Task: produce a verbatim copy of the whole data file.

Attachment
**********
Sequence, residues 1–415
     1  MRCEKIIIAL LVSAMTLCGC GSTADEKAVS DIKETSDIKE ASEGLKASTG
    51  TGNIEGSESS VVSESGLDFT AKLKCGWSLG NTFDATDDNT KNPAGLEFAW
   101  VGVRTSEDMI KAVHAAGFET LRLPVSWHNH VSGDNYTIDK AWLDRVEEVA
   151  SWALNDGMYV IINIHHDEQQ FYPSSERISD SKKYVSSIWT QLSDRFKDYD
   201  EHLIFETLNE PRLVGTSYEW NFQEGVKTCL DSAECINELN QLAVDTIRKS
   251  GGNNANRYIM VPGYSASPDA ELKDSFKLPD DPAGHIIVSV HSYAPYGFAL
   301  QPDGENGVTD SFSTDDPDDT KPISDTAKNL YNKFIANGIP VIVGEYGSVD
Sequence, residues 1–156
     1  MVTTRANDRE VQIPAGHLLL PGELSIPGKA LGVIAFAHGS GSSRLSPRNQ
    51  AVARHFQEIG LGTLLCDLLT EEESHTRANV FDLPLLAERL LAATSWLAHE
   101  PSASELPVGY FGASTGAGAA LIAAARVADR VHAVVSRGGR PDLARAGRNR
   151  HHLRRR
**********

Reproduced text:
Sequence, residues 1–415
     1  MRCEKIIIAL LVSAMTLCGC GSTADEKAVS DIKETSDIKE ASEGLKASTG
    51  TGNIEGSESS VVSESGLDFT AKLKCGWSLG NTFDATDDNT KNPAGLEFAW
   101  VGVRTSEDMI KAVHAAGFET LRLPVSWHNH VSGDNYTIDK AWLDRVEEVA
   151  SWALNDGMYV IINIHHDEQQ FYPSSERISD SKKYVSSIWT QLSDRFKDYD
   201  EHLIFETLNE PRLVGTSYEW NFQEGVKTCL DSAECINELN QLAVDTIRKS
   251  GGNNANRYIM VPGYSASPDA ELKDSFKLPD DPAGHIIVSV HSYAPYGFAL
   301  QPDGENGVTD SFSTDDPDDT KPISDTAKNL YNKFIANGIP VIVGEYGSVD
Sequence, residues 1–156
     1  MVTTRANDRE VQIPAGHLLL PGELSIPGKA LGVIAFAHGS GSSRLSPRNQ
    51  AVARHFQEIG LGTLLCDLLT EEESHTRANV FDLPLLAERL LAATSWLAHE
   101  PSASELPVGY FGASTGAGAA LIAAARVADR VHAVVSRGGR PDLARAGRNR
   151  HHLRRR